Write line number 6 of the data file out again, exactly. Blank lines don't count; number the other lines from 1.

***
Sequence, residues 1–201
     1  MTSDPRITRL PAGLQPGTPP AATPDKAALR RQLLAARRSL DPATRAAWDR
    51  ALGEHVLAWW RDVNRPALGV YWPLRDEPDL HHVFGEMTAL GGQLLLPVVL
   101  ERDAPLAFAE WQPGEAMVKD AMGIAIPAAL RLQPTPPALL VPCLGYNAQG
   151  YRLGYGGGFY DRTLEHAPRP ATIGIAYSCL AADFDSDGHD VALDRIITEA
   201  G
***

   201  G